The WBG has also supported the government in its effort to capitalize on the development opportunities afforded by the countries abundance of water, high altitude and a geographically strategic location. Sustained Bank support to the water sector began in the late 1970s with support for the construction of piped water systems in seven small towns, serving about 50,000 inhabitants, which was complemented with measures to strengthen the Water and Sewerage Branch. Establishment of the Lesotho Water and Sewerage Authority (WASA) as an independent entity in 1991 and its subsequent strengthening has resulted in a decrease in unaccounted-for water from 40% to 30% and a 67% increase in the customer base (from 35,000 in 2004 to 55,000 today). The utility’s revenues have consistently covered its operational costs and meet its debt service requirements. However, a significant investment program, supporting a rapid increase in household consumers within the lower tariff band has compounded debt obligations placing the utility under financial strain. This is likely to be compounded with the operation of the Metolong Dam and water supply infrastructure over the next few years.

Phase 1 of the Water Sector Improvement Project (WSIP1) was the first of a two-phase program to continue the reforms and address national priorities in parallel to support for the LHWP. Phase 1 closed in July 2011. The $14 million project has provided support to the office of the Commissioner of Water to lead water sector policy development, strategy setting, and coordination, and to support decision-making regarding a long-term solution to water supply for industrial growth and domestic use in the regularly water-stressed and rapidly growing Maseru area. The Water and Sewerage Authority has also supported capital investments, network extensions, a successful pilot peri-urban expansion program, and improvements in its systems and operational efficiencies, including support for a Performance Agreement between WASA and the Ministry of Finance.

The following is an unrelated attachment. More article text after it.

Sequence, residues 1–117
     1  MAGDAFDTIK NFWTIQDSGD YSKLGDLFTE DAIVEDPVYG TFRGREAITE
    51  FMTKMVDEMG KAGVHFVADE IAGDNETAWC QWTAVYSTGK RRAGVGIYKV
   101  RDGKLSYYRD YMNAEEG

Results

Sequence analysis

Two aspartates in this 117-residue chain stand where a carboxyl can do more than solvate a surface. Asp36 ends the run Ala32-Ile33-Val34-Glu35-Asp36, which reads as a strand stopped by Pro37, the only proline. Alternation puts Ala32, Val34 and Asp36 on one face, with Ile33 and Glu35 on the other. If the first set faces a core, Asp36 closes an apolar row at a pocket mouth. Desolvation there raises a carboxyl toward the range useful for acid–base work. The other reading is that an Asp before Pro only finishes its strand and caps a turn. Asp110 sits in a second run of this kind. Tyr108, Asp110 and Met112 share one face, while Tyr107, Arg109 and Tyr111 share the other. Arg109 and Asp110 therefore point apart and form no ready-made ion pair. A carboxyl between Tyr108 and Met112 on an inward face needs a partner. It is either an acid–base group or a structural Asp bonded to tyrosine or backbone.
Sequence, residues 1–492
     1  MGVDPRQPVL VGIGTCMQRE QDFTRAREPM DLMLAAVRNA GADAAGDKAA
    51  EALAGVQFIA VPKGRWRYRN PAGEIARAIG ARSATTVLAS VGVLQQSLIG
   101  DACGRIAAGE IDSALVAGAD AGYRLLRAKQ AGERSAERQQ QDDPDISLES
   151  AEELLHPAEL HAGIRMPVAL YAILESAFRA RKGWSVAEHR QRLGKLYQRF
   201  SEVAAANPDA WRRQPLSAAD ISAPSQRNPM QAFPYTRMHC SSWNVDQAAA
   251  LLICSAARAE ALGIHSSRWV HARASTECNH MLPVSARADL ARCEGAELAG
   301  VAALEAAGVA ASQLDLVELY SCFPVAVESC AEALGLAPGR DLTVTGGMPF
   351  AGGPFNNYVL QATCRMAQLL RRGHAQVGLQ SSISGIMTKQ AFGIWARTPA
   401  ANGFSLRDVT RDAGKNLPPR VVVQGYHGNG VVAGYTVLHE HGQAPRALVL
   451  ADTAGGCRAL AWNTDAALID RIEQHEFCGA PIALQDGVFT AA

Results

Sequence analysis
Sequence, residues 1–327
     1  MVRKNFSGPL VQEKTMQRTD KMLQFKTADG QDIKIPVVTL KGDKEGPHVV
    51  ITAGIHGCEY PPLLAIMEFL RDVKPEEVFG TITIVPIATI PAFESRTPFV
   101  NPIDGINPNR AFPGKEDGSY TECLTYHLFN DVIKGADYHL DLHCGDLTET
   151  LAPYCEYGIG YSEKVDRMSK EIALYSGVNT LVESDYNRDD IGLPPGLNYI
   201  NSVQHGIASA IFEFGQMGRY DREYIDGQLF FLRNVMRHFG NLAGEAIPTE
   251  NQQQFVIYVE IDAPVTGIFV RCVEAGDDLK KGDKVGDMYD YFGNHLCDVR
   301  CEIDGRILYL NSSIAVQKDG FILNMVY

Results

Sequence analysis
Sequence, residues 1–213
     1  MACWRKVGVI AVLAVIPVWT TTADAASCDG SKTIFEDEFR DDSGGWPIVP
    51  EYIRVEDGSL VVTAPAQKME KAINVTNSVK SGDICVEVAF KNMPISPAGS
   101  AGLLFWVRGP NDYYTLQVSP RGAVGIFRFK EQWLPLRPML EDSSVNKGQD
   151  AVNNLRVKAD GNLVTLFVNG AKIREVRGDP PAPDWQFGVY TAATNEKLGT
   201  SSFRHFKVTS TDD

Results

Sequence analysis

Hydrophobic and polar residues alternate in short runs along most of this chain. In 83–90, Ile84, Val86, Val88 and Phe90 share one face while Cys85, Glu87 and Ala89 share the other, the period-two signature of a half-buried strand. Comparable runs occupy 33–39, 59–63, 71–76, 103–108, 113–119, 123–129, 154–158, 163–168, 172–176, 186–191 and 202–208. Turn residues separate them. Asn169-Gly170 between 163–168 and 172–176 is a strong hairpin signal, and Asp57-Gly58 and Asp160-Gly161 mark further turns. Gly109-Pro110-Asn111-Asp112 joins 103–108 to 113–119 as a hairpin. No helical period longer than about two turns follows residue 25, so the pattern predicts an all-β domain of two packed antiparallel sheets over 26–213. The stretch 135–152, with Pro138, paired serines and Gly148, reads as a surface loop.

Phase 2 of the Water Sector Improvement Project (WSIP2: $38 million) is supporting the Metolong Dam and Water Supply Program (MDWSP), which is a multi-donor partnership developed with the GoL over many years to realize an extensive infrastructure program in support of continued socio-economic growth. WSIP2 provides specific support to continued reforms in the sector, the water conveyance to the town of Teyateyaneng, and management of the environmental and social program for the MDWSP. The project is now supporting WASCo and the regulator to consolidated the financial position and improve the consumer confidence through improved service standards. Additional Financing ($15m) signed in July is pending effectiveness and will enhance capacity within WASCo, while supporting longer-term strategic planning through the necessary studies for water supply infrastructure investments. This includes a grant element to the Lesotho Highlands Development Authority (LHDA) to provide a predictable, transparent regime for advancing the hydropower component of Phase 2 of the LHWP.

The WBG is also supporting an assessment of the potential transfer of water from the highlands of Lesotho to Botswana. This is being financed through the multi-donor trust fund for Cooperation in International Waters in Africa (CIWA) within the context of the Memorandum of Understanding signed by Botswana, Lesotho and South Africa in March 2013 under the auspices of the Orange Senqu River Commission (ORASECOM). Additional support through the GFDRR to a multi-sector assessment of climate change in Lesotho and through an Africa wide study of infrastructure related climate change risks in seven river basins across Africa is also helping to understand the potential impacts on the long term sustainable yields in the Lesotho Highlands, changes in water demand downstream, and the financial and macro-economic implications for Lesotho.

Transport Sector